The Independent Republic of London?
Buzzfeed recently put up 13 charts showing why London is Basically Another Country, The evidence included: London is much richer, Londoners come from everywhere; which means that they speak all sorts of languages; and London is far less white than the rest of Britain; Londoners are much better qualified; and much younger. With Independence the defining political issue of the era, we provocatively ask our panel: is it London’s turn?
About Our Panel
Yasmin Alibhai-Brown was exiled from her birthplace, Uganda, in 1972. She is a journalist, author and academic. She has written for the Guardian, Observer, Sunday Times, Mail on Sunday, Daily Mail, New York Times, Time Magazine and was a weekly columnist for The Independent for 18 years. She is now a columnist for I newspaper, International Business Times and the New European. She is also a well known radio and TV broadcaster. She has won several awards including the Orwell prize for political writing and in 2017, National Press Awards columnist of the year prize. She has been shortlisted again in 2018. She was also given The Asian Media award for outstanding contribution to the Media. Her last book, Exotic England, explored England’s love of the east. She is a part time professor at Middlesex University where she teaches and advises on policy and projects. In 2018, she will embark on a programme of research into the well-being of troubled young Muslims and work with practitioners on effective responses. She has twice been voted the 10th most influential Asian in Britain.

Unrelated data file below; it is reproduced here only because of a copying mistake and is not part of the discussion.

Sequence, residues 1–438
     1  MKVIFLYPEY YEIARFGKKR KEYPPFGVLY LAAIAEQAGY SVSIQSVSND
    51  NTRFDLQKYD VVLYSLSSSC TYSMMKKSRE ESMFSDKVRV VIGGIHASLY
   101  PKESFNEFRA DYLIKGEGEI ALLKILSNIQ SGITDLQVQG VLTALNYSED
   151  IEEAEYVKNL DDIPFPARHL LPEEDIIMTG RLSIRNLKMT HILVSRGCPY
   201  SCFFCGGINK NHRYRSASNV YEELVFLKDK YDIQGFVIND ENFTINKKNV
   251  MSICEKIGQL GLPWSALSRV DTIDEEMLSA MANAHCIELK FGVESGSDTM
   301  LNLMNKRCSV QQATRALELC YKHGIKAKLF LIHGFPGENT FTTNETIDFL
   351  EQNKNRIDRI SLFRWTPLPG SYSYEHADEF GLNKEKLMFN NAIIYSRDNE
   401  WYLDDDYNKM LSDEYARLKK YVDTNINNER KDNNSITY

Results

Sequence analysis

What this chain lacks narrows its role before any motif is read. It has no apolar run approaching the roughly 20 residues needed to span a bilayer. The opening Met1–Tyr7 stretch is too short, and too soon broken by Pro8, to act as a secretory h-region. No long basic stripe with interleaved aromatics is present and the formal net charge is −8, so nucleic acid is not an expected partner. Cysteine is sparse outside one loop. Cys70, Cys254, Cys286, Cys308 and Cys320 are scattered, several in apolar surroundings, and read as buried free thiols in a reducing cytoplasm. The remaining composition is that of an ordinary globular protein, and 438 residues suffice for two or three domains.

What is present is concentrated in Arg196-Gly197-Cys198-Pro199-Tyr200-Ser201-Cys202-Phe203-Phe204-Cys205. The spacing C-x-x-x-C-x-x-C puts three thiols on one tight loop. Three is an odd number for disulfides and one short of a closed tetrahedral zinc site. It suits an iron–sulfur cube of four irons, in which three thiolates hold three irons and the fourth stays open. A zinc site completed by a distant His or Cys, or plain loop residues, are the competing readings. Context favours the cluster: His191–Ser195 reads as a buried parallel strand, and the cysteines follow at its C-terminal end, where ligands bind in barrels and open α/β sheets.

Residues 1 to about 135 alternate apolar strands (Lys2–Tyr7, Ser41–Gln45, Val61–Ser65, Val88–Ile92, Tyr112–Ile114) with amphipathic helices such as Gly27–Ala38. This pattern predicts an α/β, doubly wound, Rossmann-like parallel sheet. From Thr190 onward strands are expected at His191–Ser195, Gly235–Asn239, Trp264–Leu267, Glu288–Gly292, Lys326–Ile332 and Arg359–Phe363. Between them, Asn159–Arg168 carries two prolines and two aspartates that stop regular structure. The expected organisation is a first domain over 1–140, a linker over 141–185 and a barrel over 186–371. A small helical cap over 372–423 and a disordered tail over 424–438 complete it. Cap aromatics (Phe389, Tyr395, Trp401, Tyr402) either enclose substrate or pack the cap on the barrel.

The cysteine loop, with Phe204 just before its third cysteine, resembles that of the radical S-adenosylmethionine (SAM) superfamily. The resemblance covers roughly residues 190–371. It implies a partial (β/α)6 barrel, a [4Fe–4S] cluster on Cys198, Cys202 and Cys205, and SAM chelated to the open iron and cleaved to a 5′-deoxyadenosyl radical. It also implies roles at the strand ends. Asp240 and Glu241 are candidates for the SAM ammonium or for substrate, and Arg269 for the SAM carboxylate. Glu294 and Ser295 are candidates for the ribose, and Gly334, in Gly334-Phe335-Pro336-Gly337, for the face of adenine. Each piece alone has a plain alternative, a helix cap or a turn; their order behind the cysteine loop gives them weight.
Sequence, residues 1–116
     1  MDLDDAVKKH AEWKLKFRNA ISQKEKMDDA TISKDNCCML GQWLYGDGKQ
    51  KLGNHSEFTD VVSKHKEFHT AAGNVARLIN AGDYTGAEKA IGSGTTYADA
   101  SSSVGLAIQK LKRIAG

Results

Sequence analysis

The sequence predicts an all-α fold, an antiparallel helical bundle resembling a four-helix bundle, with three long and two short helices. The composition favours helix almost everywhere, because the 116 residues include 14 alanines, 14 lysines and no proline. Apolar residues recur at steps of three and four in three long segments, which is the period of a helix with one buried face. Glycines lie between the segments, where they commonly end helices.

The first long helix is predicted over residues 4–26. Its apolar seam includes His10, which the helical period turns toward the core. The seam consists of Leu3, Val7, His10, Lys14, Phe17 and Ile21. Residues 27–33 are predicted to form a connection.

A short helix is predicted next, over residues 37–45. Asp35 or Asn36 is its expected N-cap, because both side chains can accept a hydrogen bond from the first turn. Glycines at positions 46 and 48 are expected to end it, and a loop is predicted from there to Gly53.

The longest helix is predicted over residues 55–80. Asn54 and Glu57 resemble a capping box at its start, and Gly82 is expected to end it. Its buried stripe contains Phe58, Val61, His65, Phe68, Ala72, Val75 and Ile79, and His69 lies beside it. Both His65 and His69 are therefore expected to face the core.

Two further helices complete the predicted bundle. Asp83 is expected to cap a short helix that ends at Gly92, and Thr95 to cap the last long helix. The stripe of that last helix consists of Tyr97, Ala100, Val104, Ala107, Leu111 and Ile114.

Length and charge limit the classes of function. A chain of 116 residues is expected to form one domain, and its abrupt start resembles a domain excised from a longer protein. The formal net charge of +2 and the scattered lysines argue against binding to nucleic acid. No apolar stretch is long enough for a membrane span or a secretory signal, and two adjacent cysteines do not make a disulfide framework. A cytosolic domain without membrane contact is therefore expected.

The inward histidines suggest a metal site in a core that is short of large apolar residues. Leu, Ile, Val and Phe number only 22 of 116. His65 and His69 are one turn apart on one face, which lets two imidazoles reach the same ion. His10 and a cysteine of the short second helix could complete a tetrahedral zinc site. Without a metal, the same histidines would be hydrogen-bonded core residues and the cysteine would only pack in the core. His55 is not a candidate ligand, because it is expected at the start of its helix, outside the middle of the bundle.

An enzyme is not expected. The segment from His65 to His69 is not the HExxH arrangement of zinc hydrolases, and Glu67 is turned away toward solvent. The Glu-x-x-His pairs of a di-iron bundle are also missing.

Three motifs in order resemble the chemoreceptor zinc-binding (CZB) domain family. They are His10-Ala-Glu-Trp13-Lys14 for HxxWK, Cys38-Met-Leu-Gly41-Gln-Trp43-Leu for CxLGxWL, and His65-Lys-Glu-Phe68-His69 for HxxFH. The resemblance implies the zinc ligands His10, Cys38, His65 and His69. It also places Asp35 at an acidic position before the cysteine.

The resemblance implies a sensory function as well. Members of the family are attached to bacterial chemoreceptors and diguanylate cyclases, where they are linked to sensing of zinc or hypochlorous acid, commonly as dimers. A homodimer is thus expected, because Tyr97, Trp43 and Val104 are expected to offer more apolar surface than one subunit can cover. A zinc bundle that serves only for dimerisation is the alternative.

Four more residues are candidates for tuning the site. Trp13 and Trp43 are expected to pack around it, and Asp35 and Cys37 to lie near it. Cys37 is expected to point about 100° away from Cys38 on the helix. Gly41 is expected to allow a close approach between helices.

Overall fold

Kurt Barling has been a leading broadcaster for the BBC across four decades having joined the Television service in 1989. He has covered stories all around the world, operated undercover and in war zones. He has made dozens of primetime documentaries and has won numerous industry awards for his journalism, film-making and writing. Kurt graduated with a PhD in International Relations and MSc in Government from the London School of Economics, where he lectured in the International Relations Department before embarking on a career in journalism. Since November 2012 he has been a Professor of Journalism in the Department of Media at Middlesex University London. His latest publications are The R Word on race and racism, and editing and publishing the seminal 1943 work by Amy BullerDarkness Over Germany which is released in the USA next month after critically acclaimed launches in Germany and the UK including two presentations to HM The Queen. His current research focusses on the impact of AI on Journalism and Democracy.
Sophia Drakopoulou is a Director of Programmes and Senior Lecturer in Media, Culture and Communication at Middlesex University. Her research explores location-based technologies and the urban environment. She’s a co-founder of Cybersalon a think tank on networked cultures, http://www.cybersalon.org.
This panel discussion will take place on Tuesday 13th of March at 4:30pm in the Boardroom C219. In order to guarantee a seat for this event, please rsvp via this Eventbrite page.
The North London Story Festival is a free event and open to students, faculty and members of the public.